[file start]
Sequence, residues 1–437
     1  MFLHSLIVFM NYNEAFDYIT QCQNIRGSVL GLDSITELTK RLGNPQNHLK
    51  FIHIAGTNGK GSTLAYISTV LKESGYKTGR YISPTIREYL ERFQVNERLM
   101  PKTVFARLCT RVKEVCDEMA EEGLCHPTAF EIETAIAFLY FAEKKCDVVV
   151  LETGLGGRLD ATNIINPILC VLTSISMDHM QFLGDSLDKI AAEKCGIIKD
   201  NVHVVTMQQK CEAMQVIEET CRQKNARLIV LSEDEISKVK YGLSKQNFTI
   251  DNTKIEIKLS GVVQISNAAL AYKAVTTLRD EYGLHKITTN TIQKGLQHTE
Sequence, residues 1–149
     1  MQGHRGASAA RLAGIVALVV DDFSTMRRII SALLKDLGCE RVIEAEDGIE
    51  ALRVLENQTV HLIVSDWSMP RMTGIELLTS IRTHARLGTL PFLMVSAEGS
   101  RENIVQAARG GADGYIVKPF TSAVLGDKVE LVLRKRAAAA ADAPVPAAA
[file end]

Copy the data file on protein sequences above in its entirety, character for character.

Sequence, residues 1–437
     1  MFLHSLIVFM NYNEAFDYIT QCQNIRGSVL GLDSITELTK RLGNPQNHLK
    51  FIHIAGTNGK GSTLAYISTV LKESGYKTGR YISPTIREYL ERFQVNERLM
   101  PKTVFARLCT RVKEVCDEMA EEGLCHPTAF EIETAIAFLY FAEKKCDVVV
   151  LETGLGGRLD ATNIINPILC VLTSISMDHM QFLGDSLDKI AAEKCGIIKD
   201  NVHVVTMQQK CEAMQVIEET CRQKNARLIV LSEDEISKVK YGLSKQNFTI
   251  DNTKIEIKLS GVVQISNAAL AYKAVTTLRD EYGLHKITTN TIQKGLQHTE
Sequence, residues 1–149
     1  MQGHRGASAA RLAGIVALVV DDFSTMRRII SALLKDLGCE RVIEAEDGIE
    51  ALRVLENQTV HLIVSDWSMP RMTGIELLTS IRTHARLGTL PFLMVSAEGS
   101  RENIVQAARG GADGYIVKPF TSAVLGDKVE LVLRKRAAAA ADAPVPAAA